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Putting parents on Linux

Well, it looks like my parents are going to make the jump to high speed broadband Internet connectivity. They're scheduled to have Charter install a cable modem at the ol' homestead this coming Monday. I thought my father would never move to this. Now he's inquiring about a cable modem router and how one would go about sharing the connection between two or more computers. And he's inquiring about alternatives to Windows. Why? He's completely fed up with all the malware, adware, viruses, anti-virus product offerings, forced annual upgrades for anti-virus software, incompatibilities of sharing documents saved in Microsoft Office formats, blah, blah, blah... People will not continue to use Windows if it continues to degrade in performance and reliability. There are viable alternatives in Mac OS X and Linux these days and people are starting to figure that out. Perhaps some of this is due to the iPod phenomenon--people buy an iPod and then start to contemplate buying a Mac (perhaps a Mac Mini or iMac) for the integration with iTunes. Whatever the reason, Microsoft is on a slippery slope here (I'll blog about my initial thoughts of using Vista Business here at home later tonight).



So, I'm going to give him one of my old computers with Ubuntu Linux on it. I'll probably wait until Feisty Fawn (7.04) comes out in April, but yeah, I think he'll be better off with this Linux box. My father does his email through GMail and really just surfs the Web and downloads pictures from his digital camera. So Linux should work well for him there. I'll make sure that Java and Adobe Flash 9 Player are installed. It should be interesting to watch him learn and use Linux.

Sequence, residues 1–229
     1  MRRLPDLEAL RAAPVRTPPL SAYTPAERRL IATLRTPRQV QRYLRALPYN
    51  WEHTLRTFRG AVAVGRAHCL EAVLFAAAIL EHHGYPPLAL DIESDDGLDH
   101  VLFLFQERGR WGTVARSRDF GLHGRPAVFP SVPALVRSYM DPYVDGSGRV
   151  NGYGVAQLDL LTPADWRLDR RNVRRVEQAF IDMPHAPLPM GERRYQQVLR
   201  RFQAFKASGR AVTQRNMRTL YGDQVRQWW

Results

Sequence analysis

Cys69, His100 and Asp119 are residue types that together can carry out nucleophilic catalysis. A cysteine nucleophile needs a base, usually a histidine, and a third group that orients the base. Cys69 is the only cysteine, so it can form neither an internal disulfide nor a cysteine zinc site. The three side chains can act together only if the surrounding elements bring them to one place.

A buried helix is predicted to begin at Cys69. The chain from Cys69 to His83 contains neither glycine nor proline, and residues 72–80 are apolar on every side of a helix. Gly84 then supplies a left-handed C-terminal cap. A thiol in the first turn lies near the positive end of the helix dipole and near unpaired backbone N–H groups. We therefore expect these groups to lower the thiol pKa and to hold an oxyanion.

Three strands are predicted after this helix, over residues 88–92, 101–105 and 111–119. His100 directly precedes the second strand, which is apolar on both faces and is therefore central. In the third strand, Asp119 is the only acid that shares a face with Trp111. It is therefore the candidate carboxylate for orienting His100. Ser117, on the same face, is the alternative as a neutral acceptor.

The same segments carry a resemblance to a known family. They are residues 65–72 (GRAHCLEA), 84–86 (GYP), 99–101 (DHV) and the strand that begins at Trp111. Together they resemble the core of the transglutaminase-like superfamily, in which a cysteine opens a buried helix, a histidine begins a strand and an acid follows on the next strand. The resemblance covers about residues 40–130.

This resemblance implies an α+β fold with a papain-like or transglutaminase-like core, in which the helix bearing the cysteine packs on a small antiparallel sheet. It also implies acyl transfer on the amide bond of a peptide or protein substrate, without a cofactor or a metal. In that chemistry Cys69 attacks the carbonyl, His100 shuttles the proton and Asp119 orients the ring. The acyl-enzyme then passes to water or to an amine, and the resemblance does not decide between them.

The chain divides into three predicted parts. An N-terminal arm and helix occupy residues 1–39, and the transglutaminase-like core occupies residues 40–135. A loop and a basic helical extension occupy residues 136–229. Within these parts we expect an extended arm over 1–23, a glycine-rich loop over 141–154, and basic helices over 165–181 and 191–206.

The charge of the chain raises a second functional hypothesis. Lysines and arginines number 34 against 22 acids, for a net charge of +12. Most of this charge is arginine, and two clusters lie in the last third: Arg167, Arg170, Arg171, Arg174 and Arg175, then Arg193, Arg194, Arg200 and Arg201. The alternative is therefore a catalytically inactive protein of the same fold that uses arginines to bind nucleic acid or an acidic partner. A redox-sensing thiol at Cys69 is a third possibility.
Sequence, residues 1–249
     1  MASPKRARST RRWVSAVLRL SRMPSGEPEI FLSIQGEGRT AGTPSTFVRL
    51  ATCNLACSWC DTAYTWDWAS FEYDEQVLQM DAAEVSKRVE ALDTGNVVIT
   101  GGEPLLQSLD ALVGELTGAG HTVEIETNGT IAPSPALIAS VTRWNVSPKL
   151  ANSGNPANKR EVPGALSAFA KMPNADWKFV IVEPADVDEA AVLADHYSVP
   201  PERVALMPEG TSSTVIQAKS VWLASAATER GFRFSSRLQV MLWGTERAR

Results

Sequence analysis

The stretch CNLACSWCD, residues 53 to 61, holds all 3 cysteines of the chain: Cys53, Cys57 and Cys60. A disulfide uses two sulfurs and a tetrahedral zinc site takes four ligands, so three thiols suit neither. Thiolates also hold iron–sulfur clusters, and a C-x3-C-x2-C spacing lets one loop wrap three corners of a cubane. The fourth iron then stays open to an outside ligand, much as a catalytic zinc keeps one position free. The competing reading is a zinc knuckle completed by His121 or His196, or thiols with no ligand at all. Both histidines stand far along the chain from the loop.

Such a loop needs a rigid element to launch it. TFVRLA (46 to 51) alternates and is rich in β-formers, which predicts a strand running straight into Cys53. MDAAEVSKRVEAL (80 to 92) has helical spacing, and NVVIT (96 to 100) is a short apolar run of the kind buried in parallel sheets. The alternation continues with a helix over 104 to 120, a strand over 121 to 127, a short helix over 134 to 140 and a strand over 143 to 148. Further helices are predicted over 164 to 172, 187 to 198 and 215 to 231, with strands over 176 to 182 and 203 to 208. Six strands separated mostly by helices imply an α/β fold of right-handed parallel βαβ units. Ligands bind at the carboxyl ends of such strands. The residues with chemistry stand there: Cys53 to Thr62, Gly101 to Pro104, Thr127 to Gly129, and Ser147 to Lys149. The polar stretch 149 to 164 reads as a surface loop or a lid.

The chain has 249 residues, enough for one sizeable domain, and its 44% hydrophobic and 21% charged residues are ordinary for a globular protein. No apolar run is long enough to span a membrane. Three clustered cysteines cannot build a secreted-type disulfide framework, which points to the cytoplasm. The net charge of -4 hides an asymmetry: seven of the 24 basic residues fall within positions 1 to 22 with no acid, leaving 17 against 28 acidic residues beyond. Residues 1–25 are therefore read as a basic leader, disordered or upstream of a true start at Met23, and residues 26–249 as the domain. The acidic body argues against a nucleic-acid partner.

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Curse you wmiprvse.exe process

This process has been a pain in my arse lately. I'm working at a client site that seems to make copious use of this process within their internal network. First of all, what is this process used for...



http://www.neuber.com/taskmanager/process/wmiprvse.exe.html



Yep, it's part of the Windows operating system. Makes sense why a company might want to use this tool for collecting and setting information on client desktop systems. What doesn't make sense is how the process renders my development laptop totally useless when it is activated. I'm assuming the process always runs, but stays silent until activated by some WMI remote calls. At that point, the process sucks 80-100% of the CPU for a long durations of time (minutes). Particularly irritating when attempting to build a large Visual Studio solution or testing our WPF application. If you kill the process from task manager, it just comes right back. I probably kill this process 5-10 times per day. ARGGGGHHHH...it's damn frustrating!! One more reason why not to use Windows for a development environment. I really like a lot of .NET and C#, but hooking it up to the Windows XP operating system cripples the .NET platform. I'm going to have to investigate Mono one of these days. My Ubuntu Linux boxen don't exhibit this type of behavior ;-)